Chris Noth guest-starred in this episode as the Trump-like hotel magnate with political aspirations, and while his character expressed a dislike for Donald Trump, he was effectively a Trump clone. I quite liked him as an abrasive American businessman, but when the Trump comparisons came in, then it seemed a bit too on the nose – especially with the whole “I’m American, we solve problems with guns” angle – at least it wasn’t a full Trump impersonation. The fact that he escaped any karmic justice rankled a bit, and while I get that Chibnall was trying to show realism and not all the bad guys get punished, I was hoping that the Doctor would get one over on him in the end. It just felt like his sub-plot fizzled out somewhat – perhaps we will see the character revisited, especially if he becomes the US President in the Doctor Who universe.

The ending of the episode definitely felt rushed, and some plot holes were hastily pasted over. For example; Were all the Spiders brought back to the hotel by Ryan’s music? What about the ones in Graham and Yaz’s neighbour’s flats? What happened to the hotel – was it closed down, was Yaz’s mum given her job back? It felt like these minor details weren’t addressed, in favour of showcasing the final sequence with the TARDIS team reuniting. While the episode was less engaging than its three predecessors, it still felt very cinematic in style. I loved some of the creepy touches, such as the focus on the cobwebs or the camera shot on Chris Noth filmed through the plug hole before the spider erupted from the bath. Sallie Aprahamian did a great job at directing, as it was suitably creepy for a Halloween episode, and further demonstrated how beautiful Doctor Who looks on a bigger budget.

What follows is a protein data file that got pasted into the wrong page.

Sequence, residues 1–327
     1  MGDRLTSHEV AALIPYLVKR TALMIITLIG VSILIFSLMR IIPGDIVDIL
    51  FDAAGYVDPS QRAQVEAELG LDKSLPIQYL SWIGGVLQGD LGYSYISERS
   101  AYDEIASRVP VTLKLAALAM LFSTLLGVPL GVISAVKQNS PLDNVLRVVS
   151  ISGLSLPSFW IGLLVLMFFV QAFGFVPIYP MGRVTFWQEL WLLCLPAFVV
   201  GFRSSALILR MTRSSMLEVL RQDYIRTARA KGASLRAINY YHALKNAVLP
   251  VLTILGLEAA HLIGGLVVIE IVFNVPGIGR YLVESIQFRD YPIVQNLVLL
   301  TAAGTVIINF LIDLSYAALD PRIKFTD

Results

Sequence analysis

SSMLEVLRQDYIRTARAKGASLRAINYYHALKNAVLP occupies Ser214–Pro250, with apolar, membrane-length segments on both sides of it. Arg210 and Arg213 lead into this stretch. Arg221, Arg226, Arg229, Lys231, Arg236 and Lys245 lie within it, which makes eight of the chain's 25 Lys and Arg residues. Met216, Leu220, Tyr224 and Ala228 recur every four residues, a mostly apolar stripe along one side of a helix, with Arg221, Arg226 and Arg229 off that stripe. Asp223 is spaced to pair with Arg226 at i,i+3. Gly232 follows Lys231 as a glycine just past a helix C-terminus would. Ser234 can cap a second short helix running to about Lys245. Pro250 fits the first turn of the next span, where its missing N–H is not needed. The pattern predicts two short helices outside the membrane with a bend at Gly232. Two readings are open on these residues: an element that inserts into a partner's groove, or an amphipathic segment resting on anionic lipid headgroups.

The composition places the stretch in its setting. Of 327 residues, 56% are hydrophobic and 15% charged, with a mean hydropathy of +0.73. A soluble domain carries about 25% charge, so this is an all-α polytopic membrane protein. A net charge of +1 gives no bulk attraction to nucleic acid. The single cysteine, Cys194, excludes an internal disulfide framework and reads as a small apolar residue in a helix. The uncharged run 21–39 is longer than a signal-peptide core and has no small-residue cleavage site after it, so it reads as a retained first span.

Arachnids in the UK” fell flat in someways due to both its setting and its plot, evocating memories of some of Russell T Davies’ contemporary Earth stories such as “The Lazarus Experiment”. In fact, it felt more akin to Torchwood at times, a series which Chibnall also wrote for, with its Earth-based threat and horror atmosphere. Ultimately consigned to memory as “that one with the giant spiders”, if this episode represents the weakest spot in Series 11, then I will be happy with that as this was still an enjoyable, if cheesy, romp. The anti-gun messaging and anti-Trump rhetoric felt a bit hamfisted, and could have been done much better – although it could also have been done a lot worse. As with the previous episodes, Chibnall shows that he can do those quieter character moments perfectly, infusing the series with a dramatic realism that surpasses what has come before, but the action set-pieces still need work to become truly iconic. It is a shame that we’re not getting any established monsters this series, as I’d love to see Chibnall’s take on some of the old classics, but we’re getting some great “done-in-ones” here, even when they don’t quite hit the bullseye.

Score – ★★★

Next Episode – “The Tsuranga Conundrum”
Injured and stranded in the wilds of a far-flung galaxy, the Doctor, Yaz, Graham and Ryan must band together with a group of strangers to survive against one of the universe’s most deadly – and unusual – creatures.